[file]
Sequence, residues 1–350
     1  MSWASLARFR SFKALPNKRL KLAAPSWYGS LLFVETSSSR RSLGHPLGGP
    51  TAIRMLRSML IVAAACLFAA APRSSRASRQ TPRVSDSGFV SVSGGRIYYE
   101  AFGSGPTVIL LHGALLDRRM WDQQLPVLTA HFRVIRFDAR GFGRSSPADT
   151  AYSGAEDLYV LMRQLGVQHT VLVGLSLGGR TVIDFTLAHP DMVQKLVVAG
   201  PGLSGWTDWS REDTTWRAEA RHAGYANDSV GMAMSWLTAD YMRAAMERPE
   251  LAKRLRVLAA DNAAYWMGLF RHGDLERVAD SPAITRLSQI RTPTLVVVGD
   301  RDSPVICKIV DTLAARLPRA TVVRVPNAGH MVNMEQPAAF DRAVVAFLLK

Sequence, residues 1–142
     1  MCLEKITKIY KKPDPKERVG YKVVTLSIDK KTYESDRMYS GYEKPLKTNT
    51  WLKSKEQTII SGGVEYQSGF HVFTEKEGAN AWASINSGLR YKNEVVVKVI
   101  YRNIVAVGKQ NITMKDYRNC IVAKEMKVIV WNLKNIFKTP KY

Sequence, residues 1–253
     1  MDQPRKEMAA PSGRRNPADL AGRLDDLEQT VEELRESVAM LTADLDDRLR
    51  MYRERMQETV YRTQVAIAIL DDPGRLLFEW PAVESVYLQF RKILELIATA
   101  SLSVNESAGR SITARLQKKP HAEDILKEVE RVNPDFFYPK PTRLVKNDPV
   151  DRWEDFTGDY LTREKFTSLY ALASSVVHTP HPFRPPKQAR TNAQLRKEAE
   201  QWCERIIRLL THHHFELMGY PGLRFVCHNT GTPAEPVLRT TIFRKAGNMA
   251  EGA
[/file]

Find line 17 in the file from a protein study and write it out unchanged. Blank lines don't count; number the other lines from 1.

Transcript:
   151  DRWEDFTGDY LTREKFTSLY ALASSVVHTP HPFRPPKQAR TNAQLRKEAE